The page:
But even as Kazakhstan got rid of its nuclear arsenal, suspicions lingered.
U.S. officials investigated claims that Iran had secured components for nuclear weapons from Kazakhstan but turned up no evidence. Kazakhstan said only that it had been approached by Iran in the early 1990s for the purchase of low-enriched uranium, but not for weapons-grade material.
Since 2009, Kazakhstan has been putting itself forward as the potential host for a nuclear fuel bank to be operated under the auspices of the International Atomic Energy Agency.
Nazarbayev appealed to Tehran in a New York Times op-ed piece in March 2012 to eschew its pursuit for nuclear power status.
"Kazakhstan's experience shows that nations can reap huge benefits from turning their backs on nuclear weapons," Nazarbayev wrote.
Iranian diplomats are on record as supporting the fuel bank initiative, but little concrete progress has been made, prompting many observers to cast doubt on Tehran's insistence that it is not developing nuclear technology for military ends.
The fuel bank "should be a complete answer to Iran's concerns — the fact that it is not indicates that the Iranian interest is not fuel supply but something else," said John Carlson, an adviser to the Washington D.C.-based Nuclear Threat Initiative.
The oil-rich nation's strategic geographical position abutting Russia and China, while fostering warm ties with Europe and the United States, have necessitated a nuanced diplomatic approach.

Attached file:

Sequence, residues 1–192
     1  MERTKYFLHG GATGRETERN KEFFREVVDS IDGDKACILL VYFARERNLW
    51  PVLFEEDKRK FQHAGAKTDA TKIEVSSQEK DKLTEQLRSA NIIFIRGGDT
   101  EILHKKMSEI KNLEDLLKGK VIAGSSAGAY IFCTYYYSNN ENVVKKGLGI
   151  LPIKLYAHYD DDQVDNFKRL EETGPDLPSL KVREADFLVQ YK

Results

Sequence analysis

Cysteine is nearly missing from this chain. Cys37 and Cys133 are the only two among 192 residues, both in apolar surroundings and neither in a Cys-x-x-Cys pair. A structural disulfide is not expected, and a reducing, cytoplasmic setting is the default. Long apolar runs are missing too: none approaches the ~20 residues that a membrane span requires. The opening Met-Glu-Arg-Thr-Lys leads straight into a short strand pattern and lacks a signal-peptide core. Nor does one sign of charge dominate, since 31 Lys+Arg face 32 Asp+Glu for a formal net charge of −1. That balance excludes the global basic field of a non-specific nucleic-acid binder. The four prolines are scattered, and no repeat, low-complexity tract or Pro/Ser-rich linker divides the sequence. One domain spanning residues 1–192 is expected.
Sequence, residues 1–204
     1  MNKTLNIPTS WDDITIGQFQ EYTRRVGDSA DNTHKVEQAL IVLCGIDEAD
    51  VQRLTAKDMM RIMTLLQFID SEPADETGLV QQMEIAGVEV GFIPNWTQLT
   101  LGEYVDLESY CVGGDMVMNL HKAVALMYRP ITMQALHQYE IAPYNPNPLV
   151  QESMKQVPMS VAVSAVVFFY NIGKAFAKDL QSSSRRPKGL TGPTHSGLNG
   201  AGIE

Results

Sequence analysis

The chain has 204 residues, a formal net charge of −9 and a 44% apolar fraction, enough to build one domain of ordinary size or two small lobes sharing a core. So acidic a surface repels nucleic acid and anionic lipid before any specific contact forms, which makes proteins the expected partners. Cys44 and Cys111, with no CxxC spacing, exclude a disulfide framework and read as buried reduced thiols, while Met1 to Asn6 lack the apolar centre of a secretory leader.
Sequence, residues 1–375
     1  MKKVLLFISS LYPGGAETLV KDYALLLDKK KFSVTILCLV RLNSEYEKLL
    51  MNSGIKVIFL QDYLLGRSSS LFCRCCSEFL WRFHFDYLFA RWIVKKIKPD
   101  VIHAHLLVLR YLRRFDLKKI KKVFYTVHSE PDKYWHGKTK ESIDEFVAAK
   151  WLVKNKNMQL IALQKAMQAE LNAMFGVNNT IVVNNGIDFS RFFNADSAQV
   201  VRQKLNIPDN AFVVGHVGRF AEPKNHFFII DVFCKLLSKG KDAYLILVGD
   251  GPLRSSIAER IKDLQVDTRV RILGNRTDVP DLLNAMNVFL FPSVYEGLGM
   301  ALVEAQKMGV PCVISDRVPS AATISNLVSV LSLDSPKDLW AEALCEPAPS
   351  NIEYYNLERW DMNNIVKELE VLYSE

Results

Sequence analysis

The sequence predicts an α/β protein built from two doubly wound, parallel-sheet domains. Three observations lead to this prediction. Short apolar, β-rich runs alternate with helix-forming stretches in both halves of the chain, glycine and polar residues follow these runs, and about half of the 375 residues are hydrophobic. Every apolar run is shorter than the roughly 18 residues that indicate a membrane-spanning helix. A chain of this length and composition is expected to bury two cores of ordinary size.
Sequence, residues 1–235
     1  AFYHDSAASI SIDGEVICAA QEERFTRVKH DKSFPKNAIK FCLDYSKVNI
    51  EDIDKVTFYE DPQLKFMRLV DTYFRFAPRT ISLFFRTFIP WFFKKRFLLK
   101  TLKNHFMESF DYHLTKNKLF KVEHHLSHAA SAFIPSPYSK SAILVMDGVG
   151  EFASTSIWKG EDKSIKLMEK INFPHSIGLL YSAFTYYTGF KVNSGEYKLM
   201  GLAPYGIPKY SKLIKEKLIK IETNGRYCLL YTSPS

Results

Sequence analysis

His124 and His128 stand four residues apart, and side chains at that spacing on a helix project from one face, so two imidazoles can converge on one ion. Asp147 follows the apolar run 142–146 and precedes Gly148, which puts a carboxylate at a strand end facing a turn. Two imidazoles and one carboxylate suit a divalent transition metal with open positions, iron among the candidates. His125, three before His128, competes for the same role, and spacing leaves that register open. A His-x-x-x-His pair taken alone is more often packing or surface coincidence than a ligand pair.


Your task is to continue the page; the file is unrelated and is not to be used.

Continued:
Kazakhstan and its neighboring former Soviet Central Asian nations are ambivalent toward the West's pressure on Iran, which make them useful intermediaries for Tehran. Speaking to Russian reporters in 2011, Nazarbayev insisted on pursuing diplomacy to solve questions surrounding Iran's nuclear program.
"If we talk about the Iranian nuclear program, then why don't we talk about the same program in Pakistan, and why not talk about Israel, which does in fact have nuclear weapons?" he said.
In neighboring Kyrgyzstan, the government has said it will not renew the lease on a U.S. air transit facility there used for military operations in Afghanistan when it expires in 2014 because, among other reasons, it fears that it could be subject to retaliation should Iran be attacked.
Countries in the region also have economic interests at stake. Turkmenistan, which shares a 1,000-kilometer (620-mile) land border with Iran, was delivering an average 1 billion cubic feet (30 million cubic meters) of natural gas daily to Iran between July 2011 and June 2012, according to U.S. Energy Information Administration figures.
Cultural ties and growing investment from Iran into Persian-speaking Tajikistan have also served well to secure Tehran another potential ally.
Central Asia expert Sebastien Peyrouse said in a paper published last year that countries in region feel in any event secure that they would not be target of Iranian nuclear attacks.
"They believe that if Iran got this capability, it would not use it against them. Iran as a state and a nation is highly respected in Central Asia, and there is no feeling of distrust towards a long-term partnership with it," Peyrouse wrote.